Impact of the Standardized Medial-to-Lateral Approach on Outcome of Laparoscopic Colorectal Resection

Poon, Jensen; Wai-Lun Law; Fan, Joe; Lo, Oswen
October 2009
World Journal of Surgery;Oct2009, Vol. 33 Issue 10, p2177
Academic Journal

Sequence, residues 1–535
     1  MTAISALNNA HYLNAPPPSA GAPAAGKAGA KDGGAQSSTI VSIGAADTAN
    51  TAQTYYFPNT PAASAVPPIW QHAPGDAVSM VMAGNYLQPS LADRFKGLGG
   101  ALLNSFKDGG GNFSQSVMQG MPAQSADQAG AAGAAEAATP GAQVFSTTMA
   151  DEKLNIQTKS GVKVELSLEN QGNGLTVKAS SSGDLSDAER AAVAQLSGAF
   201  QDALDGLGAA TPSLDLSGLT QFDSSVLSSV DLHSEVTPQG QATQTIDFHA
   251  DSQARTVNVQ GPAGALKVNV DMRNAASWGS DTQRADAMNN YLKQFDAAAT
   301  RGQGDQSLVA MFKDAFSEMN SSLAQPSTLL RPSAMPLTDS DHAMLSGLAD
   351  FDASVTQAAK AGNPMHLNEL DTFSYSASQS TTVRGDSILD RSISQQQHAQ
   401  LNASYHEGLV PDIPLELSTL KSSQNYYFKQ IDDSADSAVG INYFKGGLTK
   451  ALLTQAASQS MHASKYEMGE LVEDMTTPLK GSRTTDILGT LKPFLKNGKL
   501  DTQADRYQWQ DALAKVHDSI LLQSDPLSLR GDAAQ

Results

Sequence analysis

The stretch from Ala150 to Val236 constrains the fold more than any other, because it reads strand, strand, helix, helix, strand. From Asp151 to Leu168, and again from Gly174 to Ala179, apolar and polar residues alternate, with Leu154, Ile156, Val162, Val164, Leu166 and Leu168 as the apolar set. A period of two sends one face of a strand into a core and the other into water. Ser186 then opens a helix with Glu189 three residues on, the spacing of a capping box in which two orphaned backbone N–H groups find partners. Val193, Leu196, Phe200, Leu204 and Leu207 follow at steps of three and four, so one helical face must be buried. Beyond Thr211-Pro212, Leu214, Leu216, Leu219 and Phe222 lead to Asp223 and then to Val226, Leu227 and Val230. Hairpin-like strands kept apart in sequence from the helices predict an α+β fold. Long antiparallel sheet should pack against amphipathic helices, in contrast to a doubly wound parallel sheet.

Beginning in 2004, a standardized medial-to-lateral approach was adopted in laparoscopic colorectal resection (LapCR) in our institution. The present study aimed to compare the outcomes of patients operated on by this approach with those who were operated on prior to the adoption of this technique. Data were retrieved from a prospectively collected database on LapCR. The control group included 196 patients operated on from January 2002 to December 2003 and the medial approach group included 224 patients who underwent operations from January 2005 to December 2007. The patient characteristics, operative details, pathology, and surgical outcomes of the two groups were compared. The patient demographics, types of operation and pathology did not show any statistically significant difference. The medial approach group was associated with significantly less median blood loss [100 (interquartile range [IQR]: 50–174) ml versus 150 (IQR:100–300) ml; p < 0.001], shorter hospital stay [4 (IQR: (4–7) versus 7 (5–9) days; p < 0.001], and more lymph nodes harvested [12 (7–17.5) versus 10 (6–15); p = 0.001]. Significantly earlier bowel function recovery was observed in the medial approach group. The mortality and complications did not show any difference. A standardized medial-to-lateral approach for LapCR is associated with less blood loss, earlier return of bowel function, shorter hospital stay, and increased number of lymph nodes harvested. This should be the preferred approach in LapCR.


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